The Cross at the side of the B6318 marking the site of the Battle of Heavenfield.

Oswald didn’t have time to raise an army; he was accompanied by a few thousand men. The Welsh under Cadwallon and Penda must have had a force between five and six times greater.

The Welsh came north along the line of the old Roman road of Dere Street to Corbridge, where they camped for the night eating and drinking and making merry.

Oswald took up a position a few miles north of Hexham. With his warriors facing towards what is now Newcastle he was was protected to the north by a rocky outcrop, and to the south by Hadrian’s Wall itself. The Wall was still a massive structure and enabled Oswald to restrict the front on which he had to fight. Though the Welsh had greater numbers they would not be able to bring them to bear because of the narrow front on which they were forced to fight.

As morning came the heathen forces came north from Corbridge to Stagshaw and then west along the north side of the Wall. Full of courage, born of an expectation of an easy fight, and fuelled by the drinking and merriment of the night before the Welsh hordes pushed on towards the Christian army of Oswald.

Accompanied by a band of Christian monks Oswald set up a wooden cross to act as a standard for the Northumbrians. As the first Welsh warriors appeared over the skyline the Northumbrians knelt in prayer. Many a heart must have fluttered at the sight of such a vast enemy force, but with many a silent prayer the King’s men stood shoulder to shoulder.    Soon the Welsh warriors broke upon Oswald’s line. In the battle that followed neither side could make any impression on the other. The Northumbrian’s defence was stout , solid and determined, the Welsh could not out flank Oswald and as the battle drew on, the Welsh began to realise that it was not going to be an easy victory.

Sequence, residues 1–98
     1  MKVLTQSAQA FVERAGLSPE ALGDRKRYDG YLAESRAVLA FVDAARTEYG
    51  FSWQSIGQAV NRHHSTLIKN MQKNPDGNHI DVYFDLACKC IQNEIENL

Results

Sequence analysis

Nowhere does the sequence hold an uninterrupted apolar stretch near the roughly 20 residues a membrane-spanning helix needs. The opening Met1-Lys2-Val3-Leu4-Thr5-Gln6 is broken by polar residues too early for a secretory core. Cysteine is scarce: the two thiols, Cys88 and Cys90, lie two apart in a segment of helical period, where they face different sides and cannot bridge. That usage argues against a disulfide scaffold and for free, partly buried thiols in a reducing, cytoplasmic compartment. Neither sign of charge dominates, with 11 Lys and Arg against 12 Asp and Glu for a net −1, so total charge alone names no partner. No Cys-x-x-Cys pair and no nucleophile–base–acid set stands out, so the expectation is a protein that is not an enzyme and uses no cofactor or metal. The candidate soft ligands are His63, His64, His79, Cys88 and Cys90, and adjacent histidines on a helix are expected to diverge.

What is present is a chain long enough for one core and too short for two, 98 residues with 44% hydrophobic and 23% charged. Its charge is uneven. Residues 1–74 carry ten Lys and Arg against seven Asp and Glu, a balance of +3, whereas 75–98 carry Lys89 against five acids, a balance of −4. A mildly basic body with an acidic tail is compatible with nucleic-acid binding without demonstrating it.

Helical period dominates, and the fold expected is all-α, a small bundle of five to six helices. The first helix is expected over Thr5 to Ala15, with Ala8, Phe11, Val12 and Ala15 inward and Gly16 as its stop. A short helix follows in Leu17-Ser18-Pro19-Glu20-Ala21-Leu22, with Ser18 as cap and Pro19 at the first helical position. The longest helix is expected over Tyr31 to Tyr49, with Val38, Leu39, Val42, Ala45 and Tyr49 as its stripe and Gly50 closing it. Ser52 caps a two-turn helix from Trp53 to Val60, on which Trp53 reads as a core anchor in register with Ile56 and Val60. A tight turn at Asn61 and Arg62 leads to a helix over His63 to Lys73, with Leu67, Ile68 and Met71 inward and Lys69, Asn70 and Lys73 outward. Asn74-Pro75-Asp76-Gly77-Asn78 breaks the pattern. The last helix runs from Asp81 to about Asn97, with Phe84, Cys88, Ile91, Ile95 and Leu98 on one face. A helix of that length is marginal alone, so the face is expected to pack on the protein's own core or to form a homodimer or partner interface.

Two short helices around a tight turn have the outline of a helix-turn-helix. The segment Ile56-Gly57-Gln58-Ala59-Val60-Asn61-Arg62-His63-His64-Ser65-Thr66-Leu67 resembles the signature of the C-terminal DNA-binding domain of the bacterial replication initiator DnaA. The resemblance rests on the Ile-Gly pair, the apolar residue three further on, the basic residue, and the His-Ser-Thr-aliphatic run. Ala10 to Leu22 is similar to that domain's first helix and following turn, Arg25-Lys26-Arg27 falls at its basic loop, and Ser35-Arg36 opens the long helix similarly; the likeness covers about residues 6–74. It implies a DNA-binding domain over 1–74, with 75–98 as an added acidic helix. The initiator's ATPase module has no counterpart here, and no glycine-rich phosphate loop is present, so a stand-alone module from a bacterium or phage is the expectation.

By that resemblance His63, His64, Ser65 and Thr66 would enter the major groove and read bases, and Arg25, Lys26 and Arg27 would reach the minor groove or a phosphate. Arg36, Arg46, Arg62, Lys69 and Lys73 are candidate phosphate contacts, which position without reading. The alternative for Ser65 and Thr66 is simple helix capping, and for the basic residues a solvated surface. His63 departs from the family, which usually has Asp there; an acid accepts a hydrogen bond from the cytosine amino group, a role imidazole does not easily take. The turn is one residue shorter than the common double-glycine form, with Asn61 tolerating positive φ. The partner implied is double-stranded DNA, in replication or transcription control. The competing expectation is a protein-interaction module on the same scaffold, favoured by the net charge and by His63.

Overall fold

The battle could have lasted all day, but we do not know. During this period in our history we did not record such things in writing, they were passed on through a tradition of story telling and in song and poem. The deeds of the warriors that day would have been sung about, stories would have been told in homes and mead halls through the land, but scant record of this has come down to us today.

The oral history handed down has alas been lost in time, but a good example of the type of poem-story told can be found in the ‘sixth century’ poem ‘Beowulf’.

Who was the first to break ranks and run is also lost in the passage of time, but as one of Cadwallon’s followers broke so more turned to follow. The Welsh had had enough, their lines broke and like a river in flood they rushed south. The Wall, still a formidable obstacle, blocked their path and the Northumbrians exacted a terrible revenge. The battle became a massacre, as the Welsh ran southwards they were cut down by Oswald’s avenging warriors. No quarter was given, the greatest massacre occurred just over the Wall, but the bodies of Cadwallan’s countrymen littered the crags of Fallowfield Fell, down across Acomb Fell and down the length of Devil’s Water. Legend has it that Cadwallon met the same fate as many of his warriors and he was cut down and killed somewhere along Devil’s Water.

The battle at Heavenfield had been won. His Kingdom and the Church were safe, though Northumbria as a mighty kingdom would eventually fade, the candle flame of Christianity so nearly snuffed out by the heathen hordes would never again be so threatened with extinction. Oswald had laid down a marker in the struggle between pagan (heathen) and Christianity, though it is terrible that it was at the expense of a bloody massacre.

© Holy Cross Church Haltwhistle 2013